Book reviews

Joseph Conrad’s Victory (Modern Library, 1921; originally published 1915)

Ape-like South American Indians, Chinamen, Dagos: terms cancel culture Democrats want to ban!  But…

If cancel culture zealots succeed in banning this book, they’ll miss an important feminist narrative: a woman who overcomes the hate of vicious men.  Why would anybody reject women’s literature like that—all for the sake of a ridiculous political correctivity?

Biblical imagery abounds in Conrad’s 1915 novel, so it is imperative for the twenty-first reader deprived of the literary foundation of the Western world by secular humanists to read the Book of Genesis first (you know, the beginning of the Jewish and Christian Bible).  Other religious imagery, like the “wood of the Cross” scenes on pages 285 and 380, will be obvious to any practicing Christian.

Of course, contemporary readers will find certain Conrad maxims (even the deceptively simple ones) not only delightfully worded, but also worth a prolonged conversation with intelligent friends (Republicans and Democrats who vote Republican, i.e. people who don’t fear intellectual activity).  I recommend the following for your conversation and enjoyment:

“An island is but the top of a mountain” (3)

“Consummate politeness is not the right tonic for an emotional collapse” (17)

“Liking is not sufficient to keep going the interest one takes in a human being.  With hatred, apparently, it is otherwise” (24)

“It is failure that makes a man enter into himself and reckon up his resources” (64)

“There is an unholy fascination in systematic noise” (66)

“The use of reason is to justify the obscure desires that move our conduct, impulses, passions, prejudices and follies, and also our fears” (79)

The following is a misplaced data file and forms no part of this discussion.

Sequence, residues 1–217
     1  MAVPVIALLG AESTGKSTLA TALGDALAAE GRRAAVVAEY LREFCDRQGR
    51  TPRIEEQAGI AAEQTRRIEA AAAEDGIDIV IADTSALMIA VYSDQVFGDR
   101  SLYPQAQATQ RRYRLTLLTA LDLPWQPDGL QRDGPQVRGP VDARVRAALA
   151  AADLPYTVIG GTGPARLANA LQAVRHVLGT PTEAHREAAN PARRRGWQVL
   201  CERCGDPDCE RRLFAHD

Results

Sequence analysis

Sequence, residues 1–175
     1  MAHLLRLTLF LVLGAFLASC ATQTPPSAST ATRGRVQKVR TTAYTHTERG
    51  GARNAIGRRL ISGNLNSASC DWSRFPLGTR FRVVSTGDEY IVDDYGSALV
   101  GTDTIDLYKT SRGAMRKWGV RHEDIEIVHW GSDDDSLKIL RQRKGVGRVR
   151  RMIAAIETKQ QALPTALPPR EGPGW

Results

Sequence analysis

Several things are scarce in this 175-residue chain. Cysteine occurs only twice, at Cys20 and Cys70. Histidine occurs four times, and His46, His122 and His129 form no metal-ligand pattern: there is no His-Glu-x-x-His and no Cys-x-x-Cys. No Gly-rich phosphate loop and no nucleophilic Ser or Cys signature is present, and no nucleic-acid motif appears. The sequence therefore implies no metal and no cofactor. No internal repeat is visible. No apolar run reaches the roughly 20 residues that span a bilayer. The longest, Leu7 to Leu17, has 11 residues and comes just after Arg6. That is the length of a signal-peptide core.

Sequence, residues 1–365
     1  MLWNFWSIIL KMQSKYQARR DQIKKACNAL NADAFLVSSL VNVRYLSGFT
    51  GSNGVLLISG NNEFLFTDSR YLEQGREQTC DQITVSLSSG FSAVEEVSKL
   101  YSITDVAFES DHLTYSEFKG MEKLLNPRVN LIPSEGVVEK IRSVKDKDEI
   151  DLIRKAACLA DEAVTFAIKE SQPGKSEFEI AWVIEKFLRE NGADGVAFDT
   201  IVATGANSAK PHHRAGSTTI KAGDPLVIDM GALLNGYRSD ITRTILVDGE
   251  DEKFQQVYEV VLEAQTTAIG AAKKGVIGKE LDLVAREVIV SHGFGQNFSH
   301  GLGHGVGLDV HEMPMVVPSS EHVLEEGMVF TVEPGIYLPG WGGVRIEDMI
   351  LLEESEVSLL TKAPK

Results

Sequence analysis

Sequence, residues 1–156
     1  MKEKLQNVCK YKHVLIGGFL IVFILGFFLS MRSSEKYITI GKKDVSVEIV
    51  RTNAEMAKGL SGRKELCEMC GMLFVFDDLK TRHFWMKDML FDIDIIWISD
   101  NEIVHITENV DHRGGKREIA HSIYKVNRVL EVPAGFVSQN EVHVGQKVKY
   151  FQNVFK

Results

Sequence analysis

“Great achievements are accomplished in a blessed, warm mental fog” (89)

“Every age is fed on illusions, lest men should renounce life early and the human race come to an end” (91)

“A meditation is always—in a white man, at least—more or less an interrogative exercise” (163)

“Man on this earth is an unforeseen accident which does not stand close investigation” (185-6)

“There is a quality in events which is apprehended differently by different minds or even by the same mind at different times.  Any man living at all consciously knows that embarrassing truth” (234)

“Womanlike, she felt the effect she had produced, the effect of knowing much and of keeping all her knowledge in reserve [….]  Thus encouraged, directed in the way of duplicity, the refuge of the weak [….]  Duplicity—the refuge of the weak and the cowardly, but of the disarmed, too!” (278)

“Diplomacy without force in the background is but a rotten reed to lean upon” (298)

“Diplomacy doesn’t go well with consistent contempt” (305)

“Woe to the man whose heart has not learned while young to hope, to love—and to put its trust in life!” (383)

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